Irish households still saving money at higher rate post-pandemic

Households saved €19bn in 2023, half of which went into fixed assets like property

Households in the Republic continued to save at an elevated rate last year, new Central Statistics Office (CSO) data reveals, maintaining a trend that began during the Covid-19 pandemic.

Savings hit €19 billion in 2023, of which around half went into fixed assets such as homes, with the other half going into deposits and other financial assets.

This represented a savings rate of 12.4 per cent for the full year, essentially unchanged from 12.2 per cent in 2022, according to the CSO’s institutional sector accounts for the final three months of last year.

The savings rate also remained above the pre-Covid long-term average, according to the data. The rate at which households put away their disposable income spiked during the pandemic, peaking at an all-time high of 34 per cent in the second quarter of 2022 when shops, pubs, hotels and other businesses were closed due to public health restrictions.


“Households saved 12.09 per cent of their income in October, November and December 2023 and 12.4 per cent in 2023 as a whole,” said Peter Culhane, statistician in the national accounts analysis and globalisation division of the CSO.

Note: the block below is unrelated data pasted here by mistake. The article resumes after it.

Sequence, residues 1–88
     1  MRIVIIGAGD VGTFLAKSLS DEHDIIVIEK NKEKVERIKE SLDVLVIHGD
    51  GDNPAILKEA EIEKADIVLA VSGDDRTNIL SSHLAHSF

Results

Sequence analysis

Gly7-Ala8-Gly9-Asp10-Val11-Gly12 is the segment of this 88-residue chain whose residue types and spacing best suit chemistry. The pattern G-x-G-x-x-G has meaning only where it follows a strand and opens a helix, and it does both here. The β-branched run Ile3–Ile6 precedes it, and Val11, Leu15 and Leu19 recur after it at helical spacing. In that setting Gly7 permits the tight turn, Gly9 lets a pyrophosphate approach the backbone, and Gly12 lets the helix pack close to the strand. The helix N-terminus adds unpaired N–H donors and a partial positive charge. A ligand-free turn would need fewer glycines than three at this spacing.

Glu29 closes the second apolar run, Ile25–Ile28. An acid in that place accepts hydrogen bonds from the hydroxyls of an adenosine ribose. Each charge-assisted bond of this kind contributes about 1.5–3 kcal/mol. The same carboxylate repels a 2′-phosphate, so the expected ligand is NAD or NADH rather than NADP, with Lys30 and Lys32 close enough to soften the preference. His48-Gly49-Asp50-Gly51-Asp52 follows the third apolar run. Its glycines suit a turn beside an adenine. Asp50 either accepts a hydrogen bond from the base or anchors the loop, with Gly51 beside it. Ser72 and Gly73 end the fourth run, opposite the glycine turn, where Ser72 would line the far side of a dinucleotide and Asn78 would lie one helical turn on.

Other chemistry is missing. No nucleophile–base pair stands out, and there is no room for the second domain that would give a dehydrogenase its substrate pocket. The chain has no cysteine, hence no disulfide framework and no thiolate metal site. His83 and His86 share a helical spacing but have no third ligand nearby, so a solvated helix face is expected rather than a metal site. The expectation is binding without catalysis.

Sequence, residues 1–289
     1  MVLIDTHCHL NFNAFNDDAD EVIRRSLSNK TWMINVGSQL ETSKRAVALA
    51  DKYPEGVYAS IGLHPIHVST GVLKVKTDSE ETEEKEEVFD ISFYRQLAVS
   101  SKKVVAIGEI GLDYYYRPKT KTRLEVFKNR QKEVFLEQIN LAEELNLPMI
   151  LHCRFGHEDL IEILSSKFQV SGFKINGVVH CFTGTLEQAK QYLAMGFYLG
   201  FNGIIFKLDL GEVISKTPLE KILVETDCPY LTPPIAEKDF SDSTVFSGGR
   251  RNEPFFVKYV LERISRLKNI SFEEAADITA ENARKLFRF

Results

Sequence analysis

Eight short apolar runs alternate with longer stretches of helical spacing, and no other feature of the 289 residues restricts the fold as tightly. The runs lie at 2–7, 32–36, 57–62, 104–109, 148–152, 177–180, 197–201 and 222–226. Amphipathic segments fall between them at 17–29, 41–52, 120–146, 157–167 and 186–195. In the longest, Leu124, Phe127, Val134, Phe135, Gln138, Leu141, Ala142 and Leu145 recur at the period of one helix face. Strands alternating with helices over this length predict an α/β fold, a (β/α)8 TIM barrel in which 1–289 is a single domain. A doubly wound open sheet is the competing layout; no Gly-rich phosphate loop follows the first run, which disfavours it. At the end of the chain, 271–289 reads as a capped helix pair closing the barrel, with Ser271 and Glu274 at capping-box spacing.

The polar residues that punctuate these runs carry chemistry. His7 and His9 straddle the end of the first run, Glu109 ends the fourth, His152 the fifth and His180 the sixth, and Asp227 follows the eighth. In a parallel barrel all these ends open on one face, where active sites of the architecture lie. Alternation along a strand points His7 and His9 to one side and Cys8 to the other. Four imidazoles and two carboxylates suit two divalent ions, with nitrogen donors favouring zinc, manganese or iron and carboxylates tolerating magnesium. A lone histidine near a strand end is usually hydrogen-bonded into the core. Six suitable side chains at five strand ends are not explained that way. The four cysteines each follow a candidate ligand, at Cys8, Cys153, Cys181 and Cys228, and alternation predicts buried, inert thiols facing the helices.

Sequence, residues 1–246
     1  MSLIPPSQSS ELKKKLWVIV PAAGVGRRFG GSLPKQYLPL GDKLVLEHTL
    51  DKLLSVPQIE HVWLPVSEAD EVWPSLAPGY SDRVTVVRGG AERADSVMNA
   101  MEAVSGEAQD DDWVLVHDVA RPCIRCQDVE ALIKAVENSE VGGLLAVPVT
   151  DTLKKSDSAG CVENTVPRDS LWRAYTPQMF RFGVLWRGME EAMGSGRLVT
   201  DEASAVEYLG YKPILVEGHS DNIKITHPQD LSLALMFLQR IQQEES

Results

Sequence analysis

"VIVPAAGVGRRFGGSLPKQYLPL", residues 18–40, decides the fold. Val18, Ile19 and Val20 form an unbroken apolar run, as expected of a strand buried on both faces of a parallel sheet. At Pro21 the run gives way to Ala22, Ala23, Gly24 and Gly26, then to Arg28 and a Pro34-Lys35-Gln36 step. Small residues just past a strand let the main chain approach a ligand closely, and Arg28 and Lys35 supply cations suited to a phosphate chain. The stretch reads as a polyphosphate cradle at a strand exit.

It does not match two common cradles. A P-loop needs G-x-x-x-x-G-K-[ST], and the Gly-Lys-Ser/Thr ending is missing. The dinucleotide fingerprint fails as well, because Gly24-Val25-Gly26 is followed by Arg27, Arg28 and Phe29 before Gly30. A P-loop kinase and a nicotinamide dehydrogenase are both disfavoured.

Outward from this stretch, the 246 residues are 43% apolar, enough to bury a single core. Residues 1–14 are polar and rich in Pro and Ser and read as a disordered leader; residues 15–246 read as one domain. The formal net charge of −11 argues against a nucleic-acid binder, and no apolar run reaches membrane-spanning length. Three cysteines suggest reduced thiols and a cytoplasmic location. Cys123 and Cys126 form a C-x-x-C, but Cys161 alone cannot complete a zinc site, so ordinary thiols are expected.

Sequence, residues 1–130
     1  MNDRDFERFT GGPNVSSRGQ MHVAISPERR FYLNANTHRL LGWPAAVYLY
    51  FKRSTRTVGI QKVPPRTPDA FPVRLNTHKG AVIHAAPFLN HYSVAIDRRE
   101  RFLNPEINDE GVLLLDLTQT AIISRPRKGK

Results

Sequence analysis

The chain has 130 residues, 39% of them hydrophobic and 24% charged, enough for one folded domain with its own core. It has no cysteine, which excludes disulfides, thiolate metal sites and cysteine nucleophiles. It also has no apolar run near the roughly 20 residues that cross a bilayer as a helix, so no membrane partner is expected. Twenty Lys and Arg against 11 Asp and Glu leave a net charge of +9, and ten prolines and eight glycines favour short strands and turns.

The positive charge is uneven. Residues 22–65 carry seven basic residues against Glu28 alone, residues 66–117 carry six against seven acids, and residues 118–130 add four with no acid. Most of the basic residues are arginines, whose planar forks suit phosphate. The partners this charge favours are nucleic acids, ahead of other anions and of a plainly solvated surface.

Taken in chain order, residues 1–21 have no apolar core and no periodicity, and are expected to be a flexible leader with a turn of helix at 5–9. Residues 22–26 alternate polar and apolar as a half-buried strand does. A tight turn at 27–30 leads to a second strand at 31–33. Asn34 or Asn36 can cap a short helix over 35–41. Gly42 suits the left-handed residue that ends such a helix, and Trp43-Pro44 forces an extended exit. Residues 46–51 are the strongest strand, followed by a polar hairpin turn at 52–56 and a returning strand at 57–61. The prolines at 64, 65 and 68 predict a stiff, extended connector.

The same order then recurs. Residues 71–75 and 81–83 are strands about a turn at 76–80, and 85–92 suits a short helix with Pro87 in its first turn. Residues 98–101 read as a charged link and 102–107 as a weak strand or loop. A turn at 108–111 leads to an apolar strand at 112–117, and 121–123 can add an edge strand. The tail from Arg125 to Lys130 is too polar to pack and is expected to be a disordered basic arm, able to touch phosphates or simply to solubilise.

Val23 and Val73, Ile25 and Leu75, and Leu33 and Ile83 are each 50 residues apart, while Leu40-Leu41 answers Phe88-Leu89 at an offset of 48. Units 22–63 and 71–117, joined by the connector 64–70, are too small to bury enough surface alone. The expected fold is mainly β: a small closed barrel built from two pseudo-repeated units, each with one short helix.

“The saving rate has averaged over 12 per cent in the last two years, above the long-term pre-Covid average. The expanding numbers of people working are driving up household income as well as higher income on assets such as pension funds. Meanwhile consumption is also going up due to higher volumes as well as higher prices.”

Thursday’s figures also indicate a sizeable decline in exports last year from €202 billion in 2022 to €169 billion. The multinational sector, meanwhile, saw a decline in profits but “significant growth on investment income from overseas”, the CSO said.

Mr Culhane said overall gross domestic product (GDP) was lower in 2023 than 2022, even before adjusting for inflation.

“This was due to changes by large foreign-owned non-financial corporations in how they configure their global operations,” he said. “Their Irish units reduced their purchases of manufacturing services significantly, but at the same time, more investment income (dividends and reinvested earnings) flowed into these corporations from abroad. These changes largely account for the significant decline in net exports and for the decline in net lending being smaller.”

Imports of intellectual property were also “significant” last year, he said.

Ian Curran

Ian Curran

Ian Curran is a Business reporter with The Irish Times